May 25th, 2016 | Updated on August 26th, 2020
Selfies are everywhere. The selfie syndrome is strong. Increasing use of smartphones has given boost to the popularity of selfies.
If you scroll through Kim Kardashian social profiles, you’ll generally be greeted with her sexiest, scantily-clad selfies.
Image Source: Sheknows
But, what exactly do selfies say about the people in front of the camera? Are selfies just a result of the fact that everyone has access to a smartphone or are they more than that?
According to a recently published study, selfie snappers overwhelmingly overestimated their attractiveness and likability significantly more than the non-selfie takers. However, those selfie-takers are not only seen as narcissistic but they apparently also have a distorted view of their own attractiveness. And rubbing salt to their wounds, external judges rated the selfie-takers as being less attractive, likeable and more narcissistic.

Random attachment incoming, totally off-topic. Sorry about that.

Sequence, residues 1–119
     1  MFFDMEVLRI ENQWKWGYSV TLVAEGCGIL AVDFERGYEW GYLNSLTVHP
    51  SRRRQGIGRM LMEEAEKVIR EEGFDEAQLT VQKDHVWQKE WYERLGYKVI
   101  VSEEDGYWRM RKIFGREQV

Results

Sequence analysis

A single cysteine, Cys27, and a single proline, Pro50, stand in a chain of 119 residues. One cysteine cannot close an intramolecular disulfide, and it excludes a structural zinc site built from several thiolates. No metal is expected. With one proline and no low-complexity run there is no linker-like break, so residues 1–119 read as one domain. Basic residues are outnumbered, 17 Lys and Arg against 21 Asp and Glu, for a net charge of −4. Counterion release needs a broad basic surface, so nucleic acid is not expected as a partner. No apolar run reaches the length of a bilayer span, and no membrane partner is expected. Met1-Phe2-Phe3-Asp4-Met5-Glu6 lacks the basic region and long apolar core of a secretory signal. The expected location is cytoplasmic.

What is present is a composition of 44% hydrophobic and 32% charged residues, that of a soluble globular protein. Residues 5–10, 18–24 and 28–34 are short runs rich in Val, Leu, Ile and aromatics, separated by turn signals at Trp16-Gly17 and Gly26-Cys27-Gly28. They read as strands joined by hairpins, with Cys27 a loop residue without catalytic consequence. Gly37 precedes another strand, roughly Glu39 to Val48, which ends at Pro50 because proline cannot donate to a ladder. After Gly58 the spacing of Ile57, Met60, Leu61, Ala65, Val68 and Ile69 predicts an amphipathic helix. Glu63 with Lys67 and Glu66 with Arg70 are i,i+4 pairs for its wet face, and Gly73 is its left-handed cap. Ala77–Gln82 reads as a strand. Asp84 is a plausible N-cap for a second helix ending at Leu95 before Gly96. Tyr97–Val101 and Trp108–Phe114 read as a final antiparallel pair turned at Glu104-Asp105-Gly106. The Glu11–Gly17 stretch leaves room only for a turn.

Elsa Godart, a renowned French psychoanalyst and philosopher, in her book I Selfie Therefore I Am, describes selfie takers as being “stuck in a state of adolescent crisis,” and insists that this phenomenon will only propagate insecurities and provoke precisely the kind of neurotic and self-questioning behaviour that characterises adolescence. Small children are literally their own love interests: they find jubilation in pictures of themselves.”
Image Source: Mirror
All said and done, if taking a selfie makes you feel attractive and boosts your self-esteem, better take a selfie and forget about others’ perception.
Image Source: Glamour